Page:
Insurers must improve their underwriting results. But are they doing enough?
The non-life insurance industry’s underwriting performance was disappointing last year. Although it reduced its underwriting loss to £165m compared with £315m in 2007, and lowered its net combined ratio to 100.7% from 101%, these minimal improvements were, in our opinion, unsatisfactory, given that flood losses had severely impacted performance in 2007 and the weak investment environment should have put a lot of pressure on the industry to underwrite profitably. On a more positive note, however, pre-tax profits grew to £5.8bn from £4.7bn, and the pre-tax return on equity rose to 15.8% from 13%.
Of more concern to us was the accident year performance. While the accident year net combined ratio fell 4.1 percentage points, it was still high at 104.9%. For the fifth successive year, the industry managed to supplement its accident year performance with prior years’ claims reserves releases, albeit at a lower absolute and relative level in 2008 (£1.6bn) than in 2007 (£2.5bn). As the ability to release reserves from prior years’ claims continues to diminish, as we believe it will, reported results will move closer to accident year results. Given the poor accident year performance in 2008, this is not a prospect to be relished.
So, is the industry improving? While there are signs of premium rate increases above the rate of claims inflation, they are not enough for us to feel confident that 2009 will be significantly better on an accident year basis. Furthermore, on a reported year basis, there may be no improvement if
reserve releases decline, as we expect. All of which will confirm what we all know already – that the UK non-life insurance industry is a very competitive world indeed.
Turning our attention briefly to the industry balance sheet, the good news is that it remains conservatively invested: cash accounted for 13% of total assets and bonds for 45% at year-end 2008, with equities and property accounting for just 9% and 1%, respectively. Moreover, as a percentage of adjusted shareholders’ funds, property and equity investments fell to 31.7% from 35.8% a year earlier, which is its lowest level in the past 10 years. This means that the exposure of the industry to market risk in relation to its capital base is relatively low.
Nevertheless, while this has provided the industry with a degree of resilience in its solvency, the solvency ratio (net written premium as a percentage of adjusted shareholders’ funds) deteriorated quite sharply in 2008 to 109.1% from 92.2% in 2007. We would view further deterioration in this ratio without evidence of improved underwriting performance negatively.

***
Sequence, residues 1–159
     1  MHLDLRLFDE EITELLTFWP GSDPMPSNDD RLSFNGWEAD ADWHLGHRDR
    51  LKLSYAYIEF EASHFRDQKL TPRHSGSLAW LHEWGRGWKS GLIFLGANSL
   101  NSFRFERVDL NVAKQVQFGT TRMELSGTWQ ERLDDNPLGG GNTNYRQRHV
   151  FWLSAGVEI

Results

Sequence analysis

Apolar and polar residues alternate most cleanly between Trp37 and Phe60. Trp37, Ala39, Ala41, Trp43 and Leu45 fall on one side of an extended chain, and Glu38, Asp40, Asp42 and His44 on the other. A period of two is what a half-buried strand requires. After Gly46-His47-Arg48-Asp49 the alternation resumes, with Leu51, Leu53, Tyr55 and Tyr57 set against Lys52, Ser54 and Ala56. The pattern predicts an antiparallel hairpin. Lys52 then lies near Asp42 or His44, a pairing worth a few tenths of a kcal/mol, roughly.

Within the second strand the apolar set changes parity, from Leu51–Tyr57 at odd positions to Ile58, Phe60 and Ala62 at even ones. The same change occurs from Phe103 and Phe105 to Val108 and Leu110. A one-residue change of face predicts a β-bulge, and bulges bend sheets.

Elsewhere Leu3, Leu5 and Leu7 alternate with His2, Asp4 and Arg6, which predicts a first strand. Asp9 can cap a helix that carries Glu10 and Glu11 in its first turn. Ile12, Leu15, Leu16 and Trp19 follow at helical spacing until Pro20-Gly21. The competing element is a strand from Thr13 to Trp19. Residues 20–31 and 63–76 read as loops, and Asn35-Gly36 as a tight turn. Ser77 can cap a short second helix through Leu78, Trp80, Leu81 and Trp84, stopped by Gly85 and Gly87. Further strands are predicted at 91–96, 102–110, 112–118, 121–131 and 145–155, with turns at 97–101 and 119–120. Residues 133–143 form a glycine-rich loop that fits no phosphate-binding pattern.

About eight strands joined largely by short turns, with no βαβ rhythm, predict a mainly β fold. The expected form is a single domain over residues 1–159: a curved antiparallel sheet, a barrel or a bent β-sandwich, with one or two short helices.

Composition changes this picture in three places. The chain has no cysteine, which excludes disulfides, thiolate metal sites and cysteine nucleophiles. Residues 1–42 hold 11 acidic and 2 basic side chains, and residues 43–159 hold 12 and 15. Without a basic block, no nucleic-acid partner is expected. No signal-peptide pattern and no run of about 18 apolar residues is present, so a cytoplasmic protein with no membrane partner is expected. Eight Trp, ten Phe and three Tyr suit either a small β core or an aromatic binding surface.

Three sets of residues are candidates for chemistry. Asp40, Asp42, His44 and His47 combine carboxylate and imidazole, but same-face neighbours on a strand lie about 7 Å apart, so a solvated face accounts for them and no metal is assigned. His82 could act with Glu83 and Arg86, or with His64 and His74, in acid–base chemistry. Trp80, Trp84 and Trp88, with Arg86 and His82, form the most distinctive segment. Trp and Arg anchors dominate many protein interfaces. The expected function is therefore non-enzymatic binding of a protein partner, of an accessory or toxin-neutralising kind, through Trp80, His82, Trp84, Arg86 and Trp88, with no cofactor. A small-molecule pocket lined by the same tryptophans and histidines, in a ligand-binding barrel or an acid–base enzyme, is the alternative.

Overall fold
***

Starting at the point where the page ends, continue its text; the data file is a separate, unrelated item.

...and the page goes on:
Understanding the loss reserves to net written premium ratio
Assessing the adequacy of a non-life insurer’s loss reserves is a critical element in understanding its financial health. In the absence of an actuarial opinion, a simple tool available to financial analysts is to look at the scale of the loss reserves in relation to the net written premium. This gives an insight into the level of reserves established to meet past liabilities to which the insurer is exposed. In essence, all else being equal, a rise in the ratio over time suggests deterioration in the quality of the underwriting and vice versa.
The ratio must be used with care, however. It has validity for a particular insurer across time as long as the business mix has not changed materially – different lines of business will have different ratio levels.
Similarly, any material change in reserving accuracy or policy will distort the trend. Comparisons between insurers are also best made with those that have similar books of business. As usual, the ratio is a means to an end, not an end in itself, and is just as useful for the questions it raises as for the questions it answers.
Furthermore, it is important to distinguish between premium growth that is purely volume driven and premium growth that reflects an increase in the price of the risks underwritten, as this can lead to misinterpretation of the ratio: for example, an increase in the volume, but not in the premium charged per unit of risk, will lead to a rise in the denominator, while the numerator’s growth may lag behind, leaving the ratio temporarily at a misleadingly lower level. On the other hand, growth as a result of higher pricing will also lower the ratio, but on a more permanent basis.